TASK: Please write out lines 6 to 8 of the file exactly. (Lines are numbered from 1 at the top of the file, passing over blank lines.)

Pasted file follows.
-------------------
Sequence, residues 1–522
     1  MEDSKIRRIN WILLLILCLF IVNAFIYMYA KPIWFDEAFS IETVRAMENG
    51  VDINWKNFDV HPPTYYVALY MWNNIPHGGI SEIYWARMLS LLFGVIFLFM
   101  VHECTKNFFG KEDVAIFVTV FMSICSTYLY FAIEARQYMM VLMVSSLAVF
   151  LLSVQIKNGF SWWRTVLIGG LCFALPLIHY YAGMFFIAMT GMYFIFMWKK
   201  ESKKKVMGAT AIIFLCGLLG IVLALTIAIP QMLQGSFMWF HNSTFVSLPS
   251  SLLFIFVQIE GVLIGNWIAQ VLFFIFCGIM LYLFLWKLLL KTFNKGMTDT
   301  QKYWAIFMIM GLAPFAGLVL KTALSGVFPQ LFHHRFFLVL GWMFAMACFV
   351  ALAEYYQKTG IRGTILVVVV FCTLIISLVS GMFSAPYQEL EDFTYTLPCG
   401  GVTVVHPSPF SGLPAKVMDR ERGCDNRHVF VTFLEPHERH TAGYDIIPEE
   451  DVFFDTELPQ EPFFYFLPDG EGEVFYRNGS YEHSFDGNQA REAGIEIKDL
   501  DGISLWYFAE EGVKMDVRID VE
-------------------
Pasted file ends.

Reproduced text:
   201  ESKKKVMGAT AIIFLCGLLG IVLALTIAIP QMLQGSFMWF HNSTFVSLPS
   251  SLLFIFVQIE GVLIGNWIAQ VLFFIFCGIM LYLFLWKLLL KTFNKGMTDT
   301  QKYWAIFMIM GLAPFAGLVL KTALSGVFPQ LFHHRFFLVL GWMFAMACFV